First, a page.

Niko Mitsuko is an award winning American photographer, painter, and mixed media artist. She began her artistic career at the University of Nevada Las Vegas, graduating in 2007 with a BFA in Fine Art and Photography and a BA in Film. In the past ten years she has established herself as a professional artist, working primarily with galleries in her longtime home of Portland, Oregon but also exhibiting internationally in Paris, London, and most recently Berlin, where she is now based.
Paula Reid “Geoscapes”
Gallery opening times 1.00pm/7.00pm Monday/Wednesday/Other days by appointment/Ring 07752294247/email/
Simple geometric shapes form the aesthetic vocabulary of all Paula Reid’s work, continually experimenting and repeating these simple underlying concepts. Using various formats and methods of image making, her work spans both traditional media and, more recently digital Collage. Paula states that these recent experiments in the digital sphere have transformed the way she works, allowing her to explore and develop more complex ideas using multi-layered imagery. Landscapes, architecture, grids, box templates, chairs, mathematical diagrams, and geometric patterns, are some of the elements featured. These new digital compositions first exhibited as part of the Wirksworth art festival 2017 offer seemingly incongruous visual combinations, becoming part of a meaningful journey into shape, space, rhythm and colour.
22nd 29th september 2017/closing party 29th september 2017/ 7.30pm till 9.00pm
Gallery opening times 1.00pm/7.00pm Monday/Wednesday/Other days by appointment/Ring firstname.lastname@example.org
When asked what his paintings represent Joe Mckenna states that his paintings:
“Can be likened to Simple monuments to the beauty of nature, the individual souls of the creatures captured in floating geometric forms.”
Taking much influence from Christianities early medieval reliquaries, found in churches across Europe, Mckennas beautifully rendered paintings, capture the essence of nature. In much the same way as the decorated Reliquaries from the early Christian church celebrate the remains of dead saints. Some of the smaller Christain artifacts offer a view of only the smallest finger bone, or even a single thorn thought to be from Jesus’ final crown. The surrounding over-gilt decoration, serves as an emphasizing lens on the tiny and perhaps inconsequential pieces of canonized corpse. Magnifying his own renditions of nature in the same manner. Mckenna subverts the visual language and power of these Christian curios, the nature of his paintings symbolically perhaps harking back to a more ancient history before the birth of Christianity.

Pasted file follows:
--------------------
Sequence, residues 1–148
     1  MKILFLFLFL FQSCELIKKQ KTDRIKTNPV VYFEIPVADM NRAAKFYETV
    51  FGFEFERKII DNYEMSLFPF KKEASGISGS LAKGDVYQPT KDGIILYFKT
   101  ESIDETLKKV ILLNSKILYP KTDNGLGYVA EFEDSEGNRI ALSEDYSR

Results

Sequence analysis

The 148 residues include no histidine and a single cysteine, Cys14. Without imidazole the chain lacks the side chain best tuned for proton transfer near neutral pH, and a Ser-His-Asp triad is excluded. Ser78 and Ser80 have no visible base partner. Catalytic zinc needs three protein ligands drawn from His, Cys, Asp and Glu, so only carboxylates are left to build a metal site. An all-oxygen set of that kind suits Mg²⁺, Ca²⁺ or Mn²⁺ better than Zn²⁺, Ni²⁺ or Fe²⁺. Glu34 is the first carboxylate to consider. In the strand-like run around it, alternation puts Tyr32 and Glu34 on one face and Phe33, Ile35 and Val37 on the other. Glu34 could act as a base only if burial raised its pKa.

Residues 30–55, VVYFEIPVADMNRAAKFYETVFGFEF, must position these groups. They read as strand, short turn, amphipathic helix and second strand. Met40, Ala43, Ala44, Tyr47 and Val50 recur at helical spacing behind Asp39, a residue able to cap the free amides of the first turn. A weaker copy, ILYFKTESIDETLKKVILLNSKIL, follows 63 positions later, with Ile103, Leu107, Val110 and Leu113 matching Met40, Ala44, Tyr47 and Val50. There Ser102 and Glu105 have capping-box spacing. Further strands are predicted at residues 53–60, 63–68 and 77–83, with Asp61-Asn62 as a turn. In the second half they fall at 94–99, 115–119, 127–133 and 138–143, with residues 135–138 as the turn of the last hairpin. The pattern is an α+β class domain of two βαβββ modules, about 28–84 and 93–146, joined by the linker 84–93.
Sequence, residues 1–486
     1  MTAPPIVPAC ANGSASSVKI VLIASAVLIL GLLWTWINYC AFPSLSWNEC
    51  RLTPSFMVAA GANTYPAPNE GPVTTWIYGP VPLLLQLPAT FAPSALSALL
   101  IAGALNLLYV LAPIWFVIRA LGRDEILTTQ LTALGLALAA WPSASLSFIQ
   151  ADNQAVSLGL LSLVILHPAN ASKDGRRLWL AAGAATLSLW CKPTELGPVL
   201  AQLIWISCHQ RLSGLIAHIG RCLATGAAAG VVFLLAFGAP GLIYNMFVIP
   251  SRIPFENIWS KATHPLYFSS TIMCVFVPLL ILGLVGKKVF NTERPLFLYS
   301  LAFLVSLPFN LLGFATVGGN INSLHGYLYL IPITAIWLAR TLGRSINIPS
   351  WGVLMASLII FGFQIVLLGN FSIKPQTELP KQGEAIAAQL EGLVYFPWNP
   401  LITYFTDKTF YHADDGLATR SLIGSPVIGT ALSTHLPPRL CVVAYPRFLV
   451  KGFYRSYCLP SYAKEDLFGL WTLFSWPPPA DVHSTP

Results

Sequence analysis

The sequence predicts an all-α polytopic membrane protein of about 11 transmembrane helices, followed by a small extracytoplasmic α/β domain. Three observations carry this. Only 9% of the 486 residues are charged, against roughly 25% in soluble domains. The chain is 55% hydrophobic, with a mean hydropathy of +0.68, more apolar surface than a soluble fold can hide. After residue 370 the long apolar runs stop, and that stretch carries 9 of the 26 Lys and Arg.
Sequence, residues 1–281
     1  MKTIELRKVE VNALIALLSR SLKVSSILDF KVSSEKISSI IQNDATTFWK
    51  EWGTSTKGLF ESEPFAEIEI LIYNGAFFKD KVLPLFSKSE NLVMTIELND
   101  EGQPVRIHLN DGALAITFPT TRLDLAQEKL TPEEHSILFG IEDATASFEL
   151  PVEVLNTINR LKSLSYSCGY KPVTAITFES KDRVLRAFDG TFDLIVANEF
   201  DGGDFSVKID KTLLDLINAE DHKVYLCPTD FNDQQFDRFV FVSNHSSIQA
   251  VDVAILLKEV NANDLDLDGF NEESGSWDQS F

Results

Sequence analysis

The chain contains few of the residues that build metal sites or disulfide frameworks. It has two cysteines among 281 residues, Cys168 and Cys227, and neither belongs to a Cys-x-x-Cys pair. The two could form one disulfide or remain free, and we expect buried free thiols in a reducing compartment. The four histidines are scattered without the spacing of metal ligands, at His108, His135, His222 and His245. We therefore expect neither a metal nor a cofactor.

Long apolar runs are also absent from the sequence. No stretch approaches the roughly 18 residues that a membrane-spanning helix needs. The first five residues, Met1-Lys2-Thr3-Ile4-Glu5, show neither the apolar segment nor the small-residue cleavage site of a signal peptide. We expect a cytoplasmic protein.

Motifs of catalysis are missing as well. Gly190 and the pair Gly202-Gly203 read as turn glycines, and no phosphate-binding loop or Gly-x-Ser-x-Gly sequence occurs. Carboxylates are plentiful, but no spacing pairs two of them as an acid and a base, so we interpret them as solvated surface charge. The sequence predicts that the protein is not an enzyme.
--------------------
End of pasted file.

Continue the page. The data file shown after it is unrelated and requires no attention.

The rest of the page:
Mckenna states that:
“These Christian objects are thought to have powers of healing and fortune, a closeness to a higher power, and a strength through association to the powers of creation and its greatest envoys.”
Within these shrines for lesser realized saints is a hallowed space of floating geometry echoed in Mckennas paintings these geometric forms – containing the vehicles for tiny souls, a tribute to a few hand picked examples of natures non-canonized.
“In a way they are my own small tribute – to my own religion not worth mentioning – to a power far greater than I’ve considered.”
Joe Mckennas solo show “Reliquiries” at the Hooten street project will be on show from the 22nd until the 29th of September 2017 with the closing party starting at 7.30pm on the 29th of September 2017.
22nd to 30th April 2017
“Maximalism” Nicholas Wright
Opening the Hooten street project artist Nicholas Wright is showing a selection of work from over the last five years, including anything from collages made out of argos catalogs, pipe paintings, delivishly detailed drawings and a new installation based on the idea of three dimentional “plein air” painting the show will look to survey the last five years of Nicholas Wrights creativity and see what happens when he installs all the styles together into one “Maximalist” installation.